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China Supreme Court seeks to unify death penalty standards

[JURIST] The Chinese Supreme Court [official website] will standardize guidelines for when provincial level courts should impose the death penalty, court vice-president Zhang Jun said Wednesday. Zhang also outlined [press release, in Chinese] the top court's intention to strengthen its precedential value and increase oversight over intermediate and lower courts. Ni Shou-ming, spokesperson for the high court, told China Daily that sentencing guidelines for the death penalty will be released before 2008 to help eliminate discrepancies between various Chinese court districts.

In June, China Daily reported that the number of death sentences handed down by Chinese courts in the first five months of 2007 had decreased [JURIST report] following the implementation of reforms [JURIST report] that required all death sentences to be approved by the Supreme People's Court. In October 2006, China's National People's Congress [official website] voted to amend the Organic Law on the People's Court [text; JURIST report] after the high court said [JURIST report] it wanted to restrict the authority of lower courts to review death sentences [JURIST report]. An expert on Chinese criminal law has predicted that the number of death sentences will decease by approximately 20 percent in 2007. The China Daily has more.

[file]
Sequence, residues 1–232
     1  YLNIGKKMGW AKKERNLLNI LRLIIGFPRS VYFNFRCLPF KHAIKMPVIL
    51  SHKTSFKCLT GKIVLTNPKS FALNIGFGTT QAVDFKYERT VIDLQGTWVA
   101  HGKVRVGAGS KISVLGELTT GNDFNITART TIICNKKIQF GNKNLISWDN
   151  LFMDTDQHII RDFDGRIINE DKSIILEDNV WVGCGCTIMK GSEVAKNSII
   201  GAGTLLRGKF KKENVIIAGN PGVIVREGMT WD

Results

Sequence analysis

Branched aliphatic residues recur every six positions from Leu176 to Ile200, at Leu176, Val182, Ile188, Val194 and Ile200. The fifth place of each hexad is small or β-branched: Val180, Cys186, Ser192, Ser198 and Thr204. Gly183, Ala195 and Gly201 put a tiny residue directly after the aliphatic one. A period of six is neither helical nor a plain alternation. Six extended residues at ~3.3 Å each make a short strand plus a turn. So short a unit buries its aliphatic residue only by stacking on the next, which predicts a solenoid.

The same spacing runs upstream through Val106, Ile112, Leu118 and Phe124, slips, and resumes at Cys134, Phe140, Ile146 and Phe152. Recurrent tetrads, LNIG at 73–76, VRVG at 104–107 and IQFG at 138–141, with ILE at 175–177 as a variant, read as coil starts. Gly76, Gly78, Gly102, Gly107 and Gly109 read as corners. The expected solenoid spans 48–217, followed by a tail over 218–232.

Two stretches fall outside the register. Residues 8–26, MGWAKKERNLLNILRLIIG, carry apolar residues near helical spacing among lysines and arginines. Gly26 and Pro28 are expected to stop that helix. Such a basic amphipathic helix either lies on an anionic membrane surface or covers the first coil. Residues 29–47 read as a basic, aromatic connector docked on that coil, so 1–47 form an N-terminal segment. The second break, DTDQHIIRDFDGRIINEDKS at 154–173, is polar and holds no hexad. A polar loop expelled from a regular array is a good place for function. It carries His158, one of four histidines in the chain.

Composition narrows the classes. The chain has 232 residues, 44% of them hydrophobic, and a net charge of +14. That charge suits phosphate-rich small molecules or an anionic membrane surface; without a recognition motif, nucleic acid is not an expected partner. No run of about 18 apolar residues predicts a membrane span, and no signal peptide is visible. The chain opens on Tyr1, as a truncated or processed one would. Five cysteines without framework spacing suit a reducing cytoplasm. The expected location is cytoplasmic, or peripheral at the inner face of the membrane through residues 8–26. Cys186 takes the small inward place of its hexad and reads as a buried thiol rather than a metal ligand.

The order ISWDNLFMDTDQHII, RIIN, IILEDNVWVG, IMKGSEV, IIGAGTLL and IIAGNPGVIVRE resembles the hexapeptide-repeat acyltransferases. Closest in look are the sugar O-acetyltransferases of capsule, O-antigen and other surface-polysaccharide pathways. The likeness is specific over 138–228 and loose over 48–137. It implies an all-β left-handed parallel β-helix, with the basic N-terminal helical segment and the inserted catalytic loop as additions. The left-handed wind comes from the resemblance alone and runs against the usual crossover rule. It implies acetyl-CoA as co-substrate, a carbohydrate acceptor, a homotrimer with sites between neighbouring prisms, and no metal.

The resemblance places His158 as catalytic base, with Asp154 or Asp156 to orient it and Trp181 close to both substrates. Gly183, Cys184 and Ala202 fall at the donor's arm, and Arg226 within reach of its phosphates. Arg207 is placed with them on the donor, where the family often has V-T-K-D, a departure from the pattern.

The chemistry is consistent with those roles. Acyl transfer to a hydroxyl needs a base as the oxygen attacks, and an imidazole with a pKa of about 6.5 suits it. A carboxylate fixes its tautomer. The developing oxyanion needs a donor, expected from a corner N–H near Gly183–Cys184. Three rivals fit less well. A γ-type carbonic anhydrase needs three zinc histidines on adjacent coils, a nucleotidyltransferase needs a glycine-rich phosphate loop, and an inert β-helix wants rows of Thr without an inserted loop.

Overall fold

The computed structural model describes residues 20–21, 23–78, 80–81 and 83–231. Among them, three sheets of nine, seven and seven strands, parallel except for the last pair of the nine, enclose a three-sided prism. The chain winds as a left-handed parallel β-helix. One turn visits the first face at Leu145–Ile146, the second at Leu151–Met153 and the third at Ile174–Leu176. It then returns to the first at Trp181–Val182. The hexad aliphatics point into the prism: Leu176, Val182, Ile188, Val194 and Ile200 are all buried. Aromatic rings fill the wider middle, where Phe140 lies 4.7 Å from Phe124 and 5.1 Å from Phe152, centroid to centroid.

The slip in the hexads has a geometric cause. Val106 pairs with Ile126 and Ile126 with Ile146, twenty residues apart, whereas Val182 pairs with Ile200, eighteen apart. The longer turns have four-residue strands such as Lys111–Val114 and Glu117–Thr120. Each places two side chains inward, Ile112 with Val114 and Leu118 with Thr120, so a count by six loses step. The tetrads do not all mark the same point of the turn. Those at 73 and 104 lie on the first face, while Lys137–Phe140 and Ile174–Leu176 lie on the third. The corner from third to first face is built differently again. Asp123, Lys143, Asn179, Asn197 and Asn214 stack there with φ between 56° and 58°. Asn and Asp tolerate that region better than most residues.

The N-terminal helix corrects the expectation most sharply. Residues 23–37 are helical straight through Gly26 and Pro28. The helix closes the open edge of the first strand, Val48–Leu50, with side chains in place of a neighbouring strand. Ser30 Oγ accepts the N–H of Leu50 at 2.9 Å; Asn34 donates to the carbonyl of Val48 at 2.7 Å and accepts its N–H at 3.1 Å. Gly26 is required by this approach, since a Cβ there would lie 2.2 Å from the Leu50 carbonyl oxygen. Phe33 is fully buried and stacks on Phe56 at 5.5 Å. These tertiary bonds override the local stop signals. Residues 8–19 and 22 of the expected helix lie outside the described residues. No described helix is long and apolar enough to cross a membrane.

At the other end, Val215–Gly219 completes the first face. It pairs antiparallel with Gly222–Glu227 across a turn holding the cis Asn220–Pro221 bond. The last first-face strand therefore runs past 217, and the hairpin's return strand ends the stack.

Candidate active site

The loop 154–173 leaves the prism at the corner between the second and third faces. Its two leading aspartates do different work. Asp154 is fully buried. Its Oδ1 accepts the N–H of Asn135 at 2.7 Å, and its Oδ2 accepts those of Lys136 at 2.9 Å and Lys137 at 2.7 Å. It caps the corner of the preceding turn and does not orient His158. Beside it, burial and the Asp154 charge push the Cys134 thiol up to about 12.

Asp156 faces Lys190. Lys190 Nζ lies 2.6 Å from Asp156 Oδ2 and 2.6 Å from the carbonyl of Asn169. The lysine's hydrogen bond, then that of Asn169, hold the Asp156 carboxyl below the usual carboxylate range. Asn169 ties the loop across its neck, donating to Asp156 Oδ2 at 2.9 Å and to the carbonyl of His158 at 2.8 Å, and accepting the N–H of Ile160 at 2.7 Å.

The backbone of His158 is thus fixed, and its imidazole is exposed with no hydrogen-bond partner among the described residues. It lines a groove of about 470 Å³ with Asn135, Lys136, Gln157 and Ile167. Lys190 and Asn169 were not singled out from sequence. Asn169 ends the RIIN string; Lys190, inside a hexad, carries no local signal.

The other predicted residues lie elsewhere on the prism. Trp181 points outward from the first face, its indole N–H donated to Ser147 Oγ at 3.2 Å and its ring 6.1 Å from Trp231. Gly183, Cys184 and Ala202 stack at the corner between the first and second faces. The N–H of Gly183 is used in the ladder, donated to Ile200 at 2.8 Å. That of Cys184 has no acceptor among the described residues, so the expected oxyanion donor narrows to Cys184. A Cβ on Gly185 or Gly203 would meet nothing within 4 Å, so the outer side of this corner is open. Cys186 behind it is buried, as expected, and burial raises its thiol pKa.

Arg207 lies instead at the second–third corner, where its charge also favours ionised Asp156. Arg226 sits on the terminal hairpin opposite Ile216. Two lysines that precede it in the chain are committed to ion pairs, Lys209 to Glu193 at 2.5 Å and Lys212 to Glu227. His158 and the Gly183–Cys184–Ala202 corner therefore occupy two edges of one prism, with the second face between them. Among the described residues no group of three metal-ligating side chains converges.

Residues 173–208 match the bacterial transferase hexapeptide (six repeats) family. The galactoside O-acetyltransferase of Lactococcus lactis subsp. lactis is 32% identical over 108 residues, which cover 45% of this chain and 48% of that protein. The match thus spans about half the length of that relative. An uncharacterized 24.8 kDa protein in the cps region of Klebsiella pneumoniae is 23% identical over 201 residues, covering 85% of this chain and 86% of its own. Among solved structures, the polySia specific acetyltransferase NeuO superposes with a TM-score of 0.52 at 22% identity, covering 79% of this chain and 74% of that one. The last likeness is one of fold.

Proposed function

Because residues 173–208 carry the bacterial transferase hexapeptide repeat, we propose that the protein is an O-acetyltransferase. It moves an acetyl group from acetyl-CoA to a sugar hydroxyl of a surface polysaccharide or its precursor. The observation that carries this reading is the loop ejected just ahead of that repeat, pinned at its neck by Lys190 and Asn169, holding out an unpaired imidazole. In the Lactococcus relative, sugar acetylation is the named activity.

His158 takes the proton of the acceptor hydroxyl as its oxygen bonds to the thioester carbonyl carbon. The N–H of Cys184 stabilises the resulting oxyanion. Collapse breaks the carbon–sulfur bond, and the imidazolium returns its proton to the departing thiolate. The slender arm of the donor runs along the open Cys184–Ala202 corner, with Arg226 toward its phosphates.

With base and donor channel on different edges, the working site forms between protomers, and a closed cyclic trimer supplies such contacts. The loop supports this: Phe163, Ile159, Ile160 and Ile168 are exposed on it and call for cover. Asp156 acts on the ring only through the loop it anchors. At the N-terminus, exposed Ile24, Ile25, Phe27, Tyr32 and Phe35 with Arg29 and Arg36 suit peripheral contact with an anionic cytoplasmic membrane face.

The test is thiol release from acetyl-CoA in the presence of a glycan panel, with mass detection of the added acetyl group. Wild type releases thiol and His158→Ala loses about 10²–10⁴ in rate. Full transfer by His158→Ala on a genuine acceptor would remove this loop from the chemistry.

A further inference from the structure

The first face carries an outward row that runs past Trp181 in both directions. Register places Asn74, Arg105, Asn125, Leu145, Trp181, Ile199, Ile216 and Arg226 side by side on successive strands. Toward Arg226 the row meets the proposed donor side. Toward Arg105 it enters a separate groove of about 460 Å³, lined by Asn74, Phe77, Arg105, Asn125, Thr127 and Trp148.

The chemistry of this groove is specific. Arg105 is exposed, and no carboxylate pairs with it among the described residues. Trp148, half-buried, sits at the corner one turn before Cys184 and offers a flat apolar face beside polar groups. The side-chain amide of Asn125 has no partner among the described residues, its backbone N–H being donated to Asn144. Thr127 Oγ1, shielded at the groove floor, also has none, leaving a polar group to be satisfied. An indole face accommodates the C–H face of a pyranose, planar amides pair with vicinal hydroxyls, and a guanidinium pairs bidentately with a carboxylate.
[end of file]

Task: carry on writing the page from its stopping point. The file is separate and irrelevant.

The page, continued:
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Paper Chase is JURIST's real-time legal news service, powered by a team of 30 law student reporters and editors led by law professor Bernard Hibbitts at the University of Pittsburgh School of Law. As an educational service, Paper Chase is dedicated to presenting important legal news and materials rapidly, objectively and intelligibly in an accessible format.

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